O’Connor served on the Convention’s constitutional committee and, with Barton and Sir John Downer, formed the ‘able, but essentially conservative, trio’ which constituted the Convention’s drafting committee. Determined to preserve ‘the strength and the power of the Senate’, O’Connor was responsible for the inclusion in the draft Bill of the ‘nexus clause’,which became part of section 24 of the Constitution and ensured that the number of members of the House of Representatives ‘shall be, as nearly as practicable, twice the number of the senators’. He argued his case shrewdly, explaining that the provision would ‘automatically [keep] down the expenditure on the parliamentary institutions of the commonwealth’. Joseph Carruthers, a fellow member of the New South Wales delegation, believed that O’Connor and Barton did their best work in 1897–98 ‘by . . . patient listening to others . . . by digesting what was of value in the utterances of others, and by finally reconciling the views of the Convention into a one harmonious whole’.[3] In 1898, O’Connor resigned from the Legislative Council to contest the Legislative Assembly seat of Young as a National Federal candidate, but lost to J. C. Watson, who later became Australia’s first Labor Prime Minister.

In 1901, O’Connor was elected to the Senate. The only Protectionist against five New South Wales Free Traders, he became Vice-President of the Executive Council in the first Commonwealth ministry. The post carried with it the leadership of the Government in the Senate. From the outset, O’Connor was confident that the Senate, ‘co-equal with the representative House’ in all matters except taxation, would find ‘abundant and useful occupation’. On 22 May 1901, he announced ‘the intention of the Government to introduce as many measures as possible, into this House, in order to have . . . a great deal of the useful work of legislation done in this House while Bills are being similarly treated in the House of Representatives’. As Leader of the Government in the Senate, O’Connor played a central role in successfully piloting through the Senate the Commonwealth’s first legislative program. Moving the second reading of the Customs Tariff Bill on 25 April 1902, he said: ‘If there is one principle more than another which I think we should regard in the framing of this . . . legislation . . . it is . . . that no State of Australia, and, as far as possible, that no individual in Australia should suffer unnecessarily by reason of federation’.[4]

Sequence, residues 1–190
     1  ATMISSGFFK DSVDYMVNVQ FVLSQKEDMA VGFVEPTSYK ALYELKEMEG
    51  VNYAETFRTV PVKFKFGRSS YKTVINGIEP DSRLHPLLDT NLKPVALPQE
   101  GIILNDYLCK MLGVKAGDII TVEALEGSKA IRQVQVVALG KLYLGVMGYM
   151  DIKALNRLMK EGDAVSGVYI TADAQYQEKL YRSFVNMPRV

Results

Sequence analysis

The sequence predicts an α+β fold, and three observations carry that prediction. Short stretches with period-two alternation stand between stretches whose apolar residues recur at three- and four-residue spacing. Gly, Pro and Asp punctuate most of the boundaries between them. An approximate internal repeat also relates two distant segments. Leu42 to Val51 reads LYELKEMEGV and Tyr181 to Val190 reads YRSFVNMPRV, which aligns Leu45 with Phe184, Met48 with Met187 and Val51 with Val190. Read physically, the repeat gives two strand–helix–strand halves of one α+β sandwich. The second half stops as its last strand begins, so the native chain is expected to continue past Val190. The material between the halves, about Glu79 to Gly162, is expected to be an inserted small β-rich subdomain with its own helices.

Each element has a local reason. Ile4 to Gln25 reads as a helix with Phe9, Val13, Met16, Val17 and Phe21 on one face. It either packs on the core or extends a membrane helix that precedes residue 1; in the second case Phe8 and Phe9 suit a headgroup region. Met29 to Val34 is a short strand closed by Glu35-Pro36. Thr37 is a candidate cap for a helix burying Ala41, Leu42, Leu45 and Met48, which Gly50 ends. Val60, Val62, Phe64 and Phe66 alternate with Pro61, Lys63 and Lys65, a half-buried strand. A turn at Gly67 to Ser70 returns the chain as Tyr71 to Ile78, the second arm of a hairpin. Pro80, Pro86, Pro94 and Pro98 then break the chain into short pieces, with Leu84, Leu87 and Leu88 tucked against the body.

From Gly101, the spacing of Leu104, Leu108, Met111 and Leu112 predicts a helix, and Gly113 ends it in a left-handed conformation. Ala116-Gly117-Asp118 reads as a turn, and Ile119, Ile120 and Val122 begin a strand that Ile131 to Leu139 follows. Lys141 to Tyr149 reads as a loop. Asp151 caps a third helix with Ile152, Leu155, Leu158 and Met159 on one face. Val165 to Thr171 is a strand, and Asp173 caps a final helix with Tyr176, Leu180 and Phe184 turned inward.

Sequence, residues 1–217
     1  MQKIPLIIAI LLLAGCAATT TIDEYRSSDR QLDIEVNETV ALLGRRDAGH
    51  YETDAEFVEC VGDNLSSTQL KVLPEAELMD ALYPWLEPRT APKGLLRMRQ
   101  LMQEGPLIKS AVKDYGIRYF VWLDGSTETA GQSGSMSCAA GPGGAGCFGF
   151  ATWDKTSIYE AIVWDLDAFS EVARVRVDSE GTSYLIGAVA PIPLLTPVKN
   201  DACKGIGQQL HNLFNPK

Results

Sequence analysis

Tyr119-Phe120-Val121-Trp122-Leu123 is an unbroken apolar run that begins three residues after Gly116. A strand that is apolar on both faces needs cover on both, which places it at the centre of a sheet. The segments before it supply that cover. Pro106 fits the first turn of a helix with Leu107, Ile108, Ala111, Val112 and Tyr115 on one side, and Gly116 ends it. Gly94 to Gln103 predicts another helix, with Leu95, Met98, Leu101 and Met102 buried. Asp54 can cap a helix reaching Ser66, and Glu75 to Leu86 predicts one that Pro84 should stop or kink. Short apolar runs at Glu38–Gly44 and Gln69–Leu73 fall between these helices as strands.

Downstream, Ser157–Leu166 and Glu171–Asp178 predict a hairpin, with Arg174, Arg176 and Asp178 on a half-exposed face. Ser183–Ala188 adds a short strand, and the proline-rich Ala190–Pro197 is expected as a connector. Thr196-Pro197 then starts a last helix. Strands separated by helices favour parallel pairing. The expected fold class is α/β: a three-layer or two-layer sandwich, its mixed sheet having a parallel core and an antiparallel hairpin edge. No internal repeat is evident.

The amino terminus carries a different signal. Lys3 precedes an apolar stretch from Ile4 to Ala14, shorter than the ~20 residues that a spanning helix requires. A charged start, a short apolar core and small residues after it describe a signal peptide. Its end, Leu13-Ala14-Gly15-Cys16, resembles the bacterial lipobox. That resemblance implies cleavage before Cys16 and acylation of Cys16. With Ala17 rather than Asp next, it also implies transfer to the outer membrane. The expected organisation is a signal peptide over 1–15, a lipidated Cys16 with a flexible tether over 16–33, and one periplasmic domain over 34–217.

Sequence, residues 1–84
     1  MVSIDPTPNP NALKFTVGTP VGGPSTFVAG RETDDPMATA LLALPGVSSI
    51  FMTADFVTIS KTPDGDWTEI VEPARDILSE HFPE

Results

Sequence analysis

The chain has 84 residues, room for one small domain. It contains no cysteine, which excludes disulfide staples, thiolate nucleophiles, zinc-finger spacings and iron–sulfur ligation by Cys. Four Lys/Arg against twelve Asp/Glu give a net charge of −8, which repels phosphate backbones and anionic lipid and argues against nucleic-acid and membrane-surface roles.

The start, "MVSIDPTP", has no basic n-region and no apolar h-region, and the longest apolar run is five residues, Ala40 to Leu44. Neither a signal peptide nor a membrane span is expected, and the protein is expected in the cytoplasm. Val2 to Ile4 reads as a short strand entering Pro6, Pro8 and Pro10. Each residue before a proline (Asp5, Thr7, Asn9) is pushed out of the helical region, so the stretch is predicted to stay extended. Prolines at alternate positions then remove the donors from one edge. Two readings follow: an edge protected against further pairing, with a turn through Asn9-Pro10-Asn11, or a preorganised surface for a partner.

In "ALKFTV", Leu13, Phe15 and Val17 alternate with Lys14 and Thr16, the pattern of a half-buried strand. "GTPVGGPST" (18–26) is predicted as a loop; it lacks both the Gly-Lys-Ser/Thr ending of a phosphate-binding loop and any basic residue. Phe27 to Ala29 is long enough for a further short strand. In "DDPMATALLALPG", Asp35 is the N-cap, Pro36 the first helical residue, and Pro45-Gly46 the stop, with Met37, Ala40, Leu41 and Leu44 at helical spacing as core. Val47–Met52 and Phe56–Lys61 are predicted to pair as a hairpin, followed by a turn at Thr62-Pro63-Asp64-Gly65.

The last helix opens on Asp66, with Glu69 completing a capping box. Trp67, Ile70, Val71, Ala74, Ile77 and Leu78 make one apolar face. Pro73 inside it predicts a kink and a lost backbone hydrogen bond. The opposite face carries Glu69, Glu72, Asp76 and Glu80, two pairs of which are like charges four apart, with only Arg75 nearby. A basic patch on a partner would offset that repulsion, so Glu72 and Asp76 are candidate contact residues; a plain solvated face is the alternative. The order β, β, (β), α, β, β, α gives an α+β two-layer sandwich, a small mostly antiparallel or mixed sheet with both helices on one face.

On 10 May 1901, O’Connor tabled standing orders, which had been prepared as temporary orders for both Houses by the Clerk of the Parliaments, E. G. Blackmore, in conjunction with the Prime Minister, Edmund Barton. O’Connor described these orders as embodying ‘everything that is reasonable and practical and satisfactory for the conduct of public business’. This did not turn out to be the view shared by the Senate, which requested its own standing orders committee to adapt the draft orders to reflect the Senate’s unique constitutional position. By 1903, O’Connor confessed to having given greater consideration to the standing orders. He went on to comment on the Senate’s financial powers (as framed in section 53 of the Constitution): ‘This question of requests is likely to be the most fruitful battle-ground for contests between the two Houses—the ground upon which we shall exercise our greatest power . . .’.[5]